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How much? £19,995
On sale in the UK: Now
Engine: 1798cc 16v 4-cyl plus hybrid motor, 89bhp, 105lb ft
Transmission: CVT, fwd
Performance: 10.9sec 0-62mph, 112mph, 74.3mpg, 87g/km
How heavy / made of? 1425kg/steel
How big (length/width/height in mm)? 4245/1760/1510
Need to know

CAR's rating

Rated 3 out of 53


Rated 3 out of 53


Rated 3 out of 53


Rated 3 out of 53

Feelgood factor

Rated 3 out of 53

Readers' rating

Rated 2.5 out of 52.5

Toyota Auris (2013) CAR review

By Jesse Crosse

First Drives

04 February 2013 09:05

Toyota GT86, Toyota Auris. Two cars at opposite ends of the spectrum when it comes to delivering thrills. While the GT86 has been making headlines, the Auris is universally perceived as, well, the motoring equivalent of kitchen equipment. And we’re not talking Kitchen Aid or Smeg here; we’re talking Morphy Richards.

Toyota's 2013 Auris

With the new Auris, Toyota is hoping to make us go ‘wow’ rather than ‘oh,’ by promising to ‘appeal to our hearts as well as our heads’. Well, it’s lower, slightly lighter (the lightest of the range has shed 50kg) and more slippery too. The engine line-up is much same with a 98bhp 1.3-litre petrol, 130bhp 1.6-litre petrol, 89bhp 1.4-litre diesel, and the 1.8-litre petrol Hybrid.

The 1.6 whispers along at motorway speeds, gear-shifting is slick and the ratios fine. It’s no belter, but it does a good job of delivering a comfy, refined, effortless drive.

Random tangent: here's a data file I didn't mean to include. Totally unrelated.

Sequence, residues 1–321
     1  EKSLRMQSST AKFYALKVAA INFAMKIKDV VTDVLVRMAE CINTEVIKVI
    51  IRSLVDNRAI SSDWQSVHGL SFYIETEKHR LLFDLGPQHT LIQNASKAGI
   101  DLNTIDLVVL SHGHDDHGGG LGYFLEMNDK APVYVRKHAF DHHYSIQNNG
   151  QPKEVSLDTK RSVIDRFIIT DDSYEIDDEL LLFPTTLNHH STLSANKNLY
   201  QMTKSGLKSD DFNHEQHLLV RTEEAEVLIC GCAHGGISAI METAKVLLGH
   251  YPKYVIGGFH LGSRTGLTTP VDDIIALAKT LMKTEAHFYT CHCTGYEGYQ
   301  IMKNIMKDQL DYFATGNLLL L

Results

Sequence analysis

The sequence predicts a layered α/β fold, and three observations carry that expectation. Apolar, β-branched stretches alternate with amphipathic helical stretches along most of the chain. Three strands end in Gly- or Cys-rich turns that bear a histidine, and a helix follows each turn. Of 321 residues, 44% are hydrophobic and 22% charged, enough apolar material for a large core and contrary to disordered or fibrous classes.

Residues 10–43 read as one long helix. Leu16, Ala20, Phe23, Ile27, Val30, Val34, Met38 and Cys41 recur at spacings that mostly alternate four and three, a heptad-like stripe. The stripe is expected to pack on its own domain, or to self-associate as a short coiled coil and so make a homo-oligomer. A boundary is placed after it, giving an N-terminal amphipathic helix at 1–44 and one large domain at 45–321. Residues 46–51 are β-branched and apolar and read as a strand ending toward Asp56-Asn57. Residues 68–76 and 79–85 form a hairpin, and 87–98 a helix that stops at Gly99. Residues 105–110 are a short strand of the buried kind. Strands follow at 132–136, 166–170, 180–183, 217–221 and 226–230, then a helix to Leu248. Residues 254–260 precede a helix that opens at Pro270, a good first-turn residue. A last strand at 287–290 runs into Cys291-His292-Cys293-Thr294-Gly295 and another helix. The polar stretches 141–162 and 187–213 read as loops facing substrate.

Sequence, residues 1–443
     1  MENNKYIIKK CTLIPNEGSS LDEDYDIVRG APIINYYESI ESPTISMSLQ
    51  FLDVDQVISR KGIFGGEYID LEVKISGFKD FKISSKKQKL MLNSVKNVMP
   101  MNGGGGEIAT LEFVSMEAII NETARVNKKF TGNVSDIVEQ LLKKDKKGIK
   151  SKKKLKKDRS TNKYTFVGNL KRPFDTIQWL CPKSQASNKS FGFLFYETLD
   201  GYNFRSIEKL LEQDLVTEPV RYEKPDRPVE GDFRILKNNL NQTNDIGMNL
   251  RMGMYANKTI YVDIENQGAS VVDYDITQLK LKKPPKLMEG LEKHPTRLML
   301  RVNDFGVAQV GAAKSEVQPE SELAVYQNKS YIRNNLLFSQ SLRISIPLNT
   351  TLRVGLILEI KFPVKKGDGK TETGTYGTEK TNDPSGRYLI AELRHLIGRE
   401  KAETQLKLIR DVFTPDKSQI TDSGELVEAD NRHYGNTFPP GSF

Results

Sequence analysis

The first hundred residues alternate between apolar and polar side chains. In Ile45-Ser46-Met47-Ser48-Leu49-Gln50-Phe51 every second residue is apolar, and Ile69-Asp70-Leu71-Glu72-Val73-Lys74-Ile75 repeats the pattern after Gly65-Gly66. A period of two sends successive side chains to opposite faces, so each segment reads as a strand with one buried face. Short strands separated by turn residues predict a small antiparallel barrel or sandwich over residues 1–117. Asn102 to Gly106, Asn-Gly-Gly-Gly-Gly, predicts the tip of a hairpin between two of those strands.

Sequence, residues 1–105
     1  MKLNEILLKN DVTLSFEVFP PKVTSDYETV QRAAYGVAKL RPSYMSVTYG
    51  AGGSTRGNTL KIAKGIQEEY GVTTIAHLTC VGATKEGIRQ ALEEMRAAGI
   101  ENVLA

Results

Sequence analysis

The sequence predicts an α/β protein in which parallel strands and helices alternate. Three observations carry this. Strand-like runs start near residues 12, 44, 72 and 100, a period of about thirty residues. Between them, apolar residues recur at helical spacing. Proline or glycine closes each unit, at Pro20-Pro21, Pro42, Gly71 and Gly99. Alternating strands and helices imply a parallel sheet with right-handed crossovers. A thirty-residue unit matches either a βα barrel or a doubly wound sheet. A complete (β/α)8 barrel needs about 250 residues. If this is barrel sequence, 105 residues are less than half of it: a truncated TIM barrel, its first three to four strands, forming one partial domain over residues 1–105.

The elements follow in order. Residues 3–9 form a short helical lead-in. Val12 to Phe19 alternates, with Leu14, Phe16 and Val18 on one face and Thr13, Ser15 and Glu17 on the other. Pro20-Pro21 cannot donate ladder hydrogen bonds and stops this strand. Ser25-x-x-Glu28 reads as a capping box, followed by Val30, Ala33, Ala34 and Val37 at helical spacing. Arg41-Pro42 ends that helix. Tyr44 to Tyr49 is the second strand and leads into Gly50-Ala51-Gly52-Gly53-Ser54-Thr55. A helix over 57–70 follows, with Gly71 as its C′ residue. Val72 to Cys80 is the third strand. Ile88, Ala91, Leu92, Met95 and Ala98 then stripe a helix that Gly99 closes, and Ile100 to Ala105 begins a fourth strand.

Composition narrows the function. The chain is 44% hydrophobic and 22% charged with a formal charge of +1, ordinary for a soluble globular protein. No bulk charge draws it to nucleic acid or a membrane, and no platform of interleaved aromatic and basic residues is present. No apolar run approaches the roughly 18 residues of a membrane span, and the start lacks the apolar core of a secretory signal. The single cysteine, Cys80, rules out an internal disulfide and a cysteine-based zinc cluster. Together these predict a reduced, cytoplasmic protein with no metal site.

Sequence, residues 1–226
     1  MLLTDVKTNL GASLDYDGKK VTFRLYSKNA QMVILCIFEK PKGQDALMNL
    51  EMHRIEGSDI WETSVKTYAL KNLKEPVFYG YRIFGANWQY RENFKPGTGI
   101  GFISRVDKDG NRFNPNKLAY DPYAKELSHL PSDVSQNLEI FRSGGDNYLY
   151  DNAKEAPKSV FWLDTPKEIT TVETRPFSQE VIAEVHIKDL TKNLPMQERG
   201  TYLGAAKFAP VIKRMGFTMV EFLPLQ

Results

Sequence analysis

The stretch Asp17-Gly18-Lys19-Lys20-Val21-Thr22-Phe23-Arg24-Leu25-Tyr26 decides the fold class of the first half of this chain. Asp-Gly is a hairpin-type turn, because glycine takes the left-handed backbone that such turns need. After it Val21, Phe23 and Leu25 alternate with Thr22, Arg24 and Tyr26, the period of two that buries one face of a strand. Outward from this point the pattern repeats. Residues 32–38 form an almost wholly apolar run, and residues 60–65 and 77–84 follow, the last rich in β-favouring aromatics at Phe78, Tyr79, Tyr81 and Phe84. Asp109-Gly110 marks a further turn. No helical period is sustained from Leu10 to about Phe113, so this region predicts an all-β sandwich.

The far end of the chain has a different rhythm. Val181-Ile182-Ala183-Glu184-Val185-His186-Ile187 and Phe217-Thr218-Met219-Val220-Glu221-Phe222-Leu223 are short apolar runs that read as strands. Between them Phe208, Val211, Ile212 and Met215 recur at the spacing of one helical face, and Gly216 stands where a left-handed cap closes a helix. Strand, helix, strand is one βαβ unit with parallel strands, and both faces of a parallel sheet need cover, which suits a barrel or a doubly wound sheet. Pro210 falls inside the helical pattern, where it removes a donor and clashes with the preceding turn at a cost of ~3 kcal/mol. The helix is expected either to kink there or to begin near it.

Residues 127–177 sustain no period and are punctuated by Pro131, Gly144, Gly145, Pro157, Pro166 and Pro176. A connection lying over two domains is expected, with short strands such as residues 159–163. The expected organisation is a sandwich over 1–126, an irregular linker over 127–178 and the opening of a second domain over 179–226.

Lowering the centre of gravity has allowed softer springs, improving the ride with no rock ‘n’ roll in the corners. Inside it’s well made, if plain.

The Hybrid gives the Auris an angle that competitors lack (40% of all Aurises sold in the UK will be Hybrids). That said, the best we saw was 50.4mpg, making the claimed urban figure of 76.3mpg seem but a distant dream.


At between £14,495 and £21,745 (with Hybrids from £19,995), the new Auris is an improvement on the old, but more of an uprising rather than a full-on revolution. It remains competent but uninspiring and though it has a number of appealing traits, the ability to seduce isn’t one of them.


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Average rating: Rated 2.5 out of 52.5 (25 votes)

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Toyota Auris (2013) CAR review


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Johann says

RE: Toyota Auris (2013) CAR review

Ah yes...  and so Autocar says basically EXACTLY what I said re that dash and it being a cliff face of utter awfullness:

13 February 2013 14:45



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comment8 says

RE: Toyota Auris (2013) CAR review